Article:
STAR INGREDIENT Diana Henry experiments with sherry
Bone-dry or raisin-sweet, sherry perks up many a dish and adds a seductive sweetness to others. Break out the bottles for these recipes
It’s almost ridiculous to see sherry as a single ingredient. The cold, flinty, dry fino you knock back with shellfish is a world away from the sweet, raisiny, pedro ximénez (PX) someone offers you – if you’re lucky – with a slice of chocolate cake. Drinks writers have been predicting sherry’s rise for the last 40 years. When tapas bars started to open here in the mid 1980s, it looked as if we were going to seize sherry from our nans and make it the drink of our time but the enthusiasm just didn’t build enough momentum. It’s true that ‘foodies’ no longer see sherry just as something to slosh into a trifle, but we still don’t make enough of it.
As soon as I discovered sherry at university, where I got into cold fino with green olives, I was hooked. It wasn’t until years later, when I was in Jerez eating a meal where each course was accompanied by a different sherry, that I began to see its potential as something to cook with. There was a dish of beef cheeks braised in oloroso that was a revelation
– it had savoury depth but a hum of sweetness.
You start to run out of vocabulary when you try to summon the essence of different sherries and the flavours they impart to the dishes in which they’re cooked. In fact, cooking with sherry often reminds me of cooking with dried chillies, in that they’re both about tone. With both you speak of raisins, nuts, wood and chocolate. However, fino and manzanilla-style sherries are spoken of in terms of their saline qualities. I always have a bottle of fino, a medium type (palo cortado or the richer oloroso) and a bottle of PX on hand. The PX is a treat (an expensive one) but there is no better pairing for chocolate (it’s wonderful in chocolate ice cream). On those weekends when you cook a special dinner, but can’t manage to pull off dessert, a bottle of PX, served with good-quality dark chocolate, makes a grand finish.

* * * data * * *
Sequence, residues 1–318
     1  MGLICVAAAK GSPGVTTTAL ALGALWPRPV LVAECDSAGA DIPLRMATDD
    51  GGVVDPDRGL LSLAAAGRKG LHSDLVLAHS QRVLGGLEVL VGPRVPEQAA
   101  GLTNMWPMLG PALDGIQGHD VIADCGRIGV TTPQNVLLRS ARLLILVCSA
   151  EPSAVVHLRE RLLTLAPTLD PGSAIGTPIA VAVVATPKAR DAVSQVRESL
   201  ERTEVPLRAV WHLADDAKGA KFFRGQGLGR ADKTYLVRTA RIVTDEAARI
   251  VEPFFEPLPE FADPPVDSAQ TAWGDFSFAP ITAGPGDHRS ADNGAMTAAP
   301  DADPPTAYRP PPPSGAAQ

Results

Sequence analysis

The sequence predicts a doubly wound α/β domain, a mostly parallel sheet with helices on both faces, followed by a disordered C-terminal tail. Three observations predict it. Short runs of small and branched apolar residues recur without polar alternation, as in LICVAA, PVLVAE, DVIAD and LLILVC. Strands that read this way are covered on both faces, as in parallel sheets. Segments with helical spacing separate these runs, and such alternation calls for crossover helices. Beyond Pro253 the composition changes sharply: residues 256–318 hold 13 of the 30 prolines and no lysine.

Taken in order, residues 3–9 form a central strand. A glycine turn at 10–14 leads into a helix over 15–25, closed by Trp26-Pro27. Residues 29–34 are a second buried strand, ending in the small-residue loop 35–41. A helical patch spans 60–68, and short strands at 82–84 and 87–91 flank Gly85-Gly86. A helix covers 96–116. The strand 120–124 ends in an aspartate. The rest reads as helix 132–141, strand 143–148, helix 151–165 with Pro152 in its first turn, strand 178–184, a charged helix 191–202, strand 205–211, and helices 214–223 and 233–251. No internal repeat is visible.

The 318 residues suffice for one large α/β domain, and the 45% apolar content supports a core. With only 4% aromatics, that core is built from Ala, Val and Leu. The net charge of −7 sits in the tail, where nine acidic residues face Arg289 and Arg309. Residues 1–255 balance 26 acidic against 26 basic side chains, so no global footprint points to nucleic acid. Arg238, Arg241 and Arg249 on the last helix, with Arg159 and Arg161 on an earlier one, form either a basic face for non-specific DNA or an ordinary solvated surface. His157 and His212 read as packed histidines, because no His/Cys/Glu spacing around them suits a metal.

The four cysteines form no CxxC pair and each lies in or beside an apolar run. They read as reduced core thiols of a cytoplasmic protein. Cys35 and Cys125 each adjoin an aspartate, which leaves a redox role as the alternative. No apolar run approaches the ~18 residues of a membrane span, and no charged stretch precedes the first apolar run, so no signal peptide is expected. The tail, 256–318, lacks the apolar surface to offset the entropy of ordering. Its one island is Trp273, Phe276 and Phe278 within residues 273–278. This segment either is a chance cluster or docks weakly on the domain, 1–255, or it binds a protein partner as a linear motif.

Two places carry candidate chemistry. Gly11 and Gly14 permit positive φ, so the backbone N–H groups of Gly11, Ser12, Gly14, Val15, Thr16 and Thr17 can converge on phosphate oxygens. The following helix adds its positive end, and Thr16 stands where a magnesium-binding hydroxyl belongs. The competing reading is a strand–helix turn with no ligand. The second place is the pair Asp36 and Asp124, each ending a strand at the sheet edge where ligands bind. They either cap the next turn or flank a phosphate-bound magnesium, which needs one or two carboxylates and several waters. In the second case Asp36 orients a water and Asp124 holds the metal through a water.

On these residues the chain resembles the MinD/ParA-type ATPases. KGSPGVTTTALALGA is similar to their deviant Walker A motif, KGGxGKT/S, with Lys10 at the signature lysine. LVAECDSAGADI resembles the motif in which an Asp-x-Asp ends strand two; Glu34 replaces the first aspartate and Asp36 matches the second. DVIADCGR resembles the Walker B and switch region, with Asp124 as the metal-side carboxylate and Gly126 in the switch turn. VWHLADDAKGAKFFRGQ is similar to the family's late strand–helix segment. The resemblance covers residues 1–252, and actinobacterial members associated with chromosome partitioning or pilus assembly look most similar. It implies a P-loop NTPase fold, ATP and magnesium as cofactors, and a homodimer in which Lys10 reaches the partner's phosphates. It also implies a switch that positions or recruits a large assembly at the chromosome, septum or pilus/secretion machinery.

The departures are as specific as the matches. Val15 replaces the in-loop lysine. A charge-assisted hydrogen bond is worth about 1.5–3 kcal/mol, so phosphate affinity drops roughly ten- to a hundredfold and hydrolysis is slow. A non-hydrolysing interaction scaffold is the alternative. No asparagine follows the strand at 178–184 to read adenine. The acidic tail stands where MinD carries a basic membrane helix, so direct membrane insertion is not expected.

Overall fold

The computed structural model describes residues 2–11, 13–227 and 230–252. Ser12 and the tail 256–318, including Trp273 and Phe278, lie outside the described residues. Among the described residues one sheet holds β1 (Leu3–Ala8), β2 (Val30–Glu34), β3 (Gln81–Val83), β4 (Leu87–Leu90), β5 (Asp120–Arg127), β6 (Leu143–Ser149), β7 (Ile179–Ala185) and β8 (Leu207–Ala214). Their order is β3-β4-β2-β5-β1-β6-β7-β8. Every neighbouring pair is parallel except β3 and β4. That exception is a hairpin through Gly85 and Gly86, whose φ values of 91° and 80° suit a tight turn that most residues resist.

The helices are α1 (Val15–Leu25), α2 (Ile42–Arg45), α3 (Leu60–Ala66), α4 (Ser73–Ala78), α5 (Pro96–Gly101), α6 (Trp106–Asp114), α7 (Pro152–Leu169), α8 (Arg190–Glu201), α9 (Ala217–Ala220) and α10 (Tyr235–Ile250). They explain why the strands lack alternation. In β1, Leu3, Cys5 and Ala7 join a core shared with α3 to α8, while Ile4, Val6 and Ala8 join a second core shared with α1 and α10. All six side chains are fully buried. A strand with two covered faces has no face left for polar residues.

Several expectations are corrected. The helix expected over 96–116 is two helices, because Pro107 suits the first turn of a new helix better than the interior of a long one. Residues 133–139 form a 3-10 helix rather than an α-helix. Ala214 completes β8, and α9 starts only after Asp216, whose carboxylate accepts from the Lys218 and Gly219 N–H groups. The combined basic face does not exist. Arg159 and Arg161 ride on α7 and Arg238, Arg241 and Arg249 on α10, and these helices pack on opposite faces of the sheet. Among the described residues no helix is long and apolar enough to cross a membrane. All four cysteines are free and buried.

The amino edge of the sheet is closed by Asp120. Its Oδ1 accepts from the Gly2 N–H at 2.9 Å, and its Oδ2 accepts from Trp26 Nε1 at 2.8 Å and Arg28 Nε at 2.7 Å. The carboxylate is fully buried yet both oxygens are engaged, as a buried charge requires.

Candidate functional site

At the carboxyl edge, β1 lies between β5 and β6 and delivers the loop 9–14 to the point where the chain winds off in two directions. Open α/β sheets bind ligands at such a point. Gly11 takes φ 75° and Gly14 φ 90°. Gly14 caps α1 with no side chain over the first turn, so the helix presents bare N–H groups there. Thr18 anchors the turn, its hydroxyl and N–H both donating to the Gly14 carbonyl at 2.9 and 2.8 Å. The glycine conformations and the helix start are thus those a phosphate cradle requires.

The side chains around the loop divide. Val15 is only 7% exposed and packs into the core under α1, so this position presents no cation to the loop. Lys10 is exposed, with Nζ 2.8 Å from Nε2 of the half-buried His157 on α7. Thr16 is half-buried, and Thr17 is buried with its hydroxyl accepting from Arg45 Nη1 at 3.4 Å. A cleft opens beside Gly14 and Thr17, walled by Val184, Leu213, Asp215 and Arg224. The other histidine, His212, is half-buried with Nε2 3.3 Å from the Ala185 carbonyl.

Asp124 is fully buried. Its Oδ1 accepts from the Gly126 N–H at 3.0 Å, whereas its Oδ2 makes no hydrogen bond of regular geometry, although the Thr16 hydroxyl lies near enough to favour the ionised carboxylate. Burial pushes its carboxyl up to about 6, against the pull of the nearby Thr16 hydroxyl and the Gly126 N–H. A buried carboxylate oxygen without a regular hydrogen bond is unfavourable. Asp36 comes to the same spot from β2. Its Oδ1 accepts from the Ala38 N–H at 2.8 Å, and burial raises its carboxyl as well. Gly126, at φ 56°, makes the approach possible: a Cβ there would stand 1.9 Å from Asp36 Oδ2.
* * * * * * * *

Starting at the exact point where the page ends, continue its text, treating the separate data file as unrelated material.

My bottles of sherry aren’t stashed away at the back of a cupboard. I reach for them often – the fino for cooking with clams or mussels, or in place of dry vermouth; the oloroso for braises where I want a background note of sweetness. I find oloroso the most useful, as it works well with mushrooms, all meats, chorizo and the Spanish black pudding, morcilla, apples, pears, stone fruits and in eggy puddings.
It’s cream sherry – a blend of oloroso sweetened with PX that started out as an export-only product for the
British market – that makes us think of sherry as a rather sickly drink. In days of yore, this was pulled out of the drinks cupboard on Boxing
Day to make turkey à la king, a sherry-spiked béchamel which was a vehicle for all that leftover turkey we didn’t know what to do with. Thankfully, those days are long gone.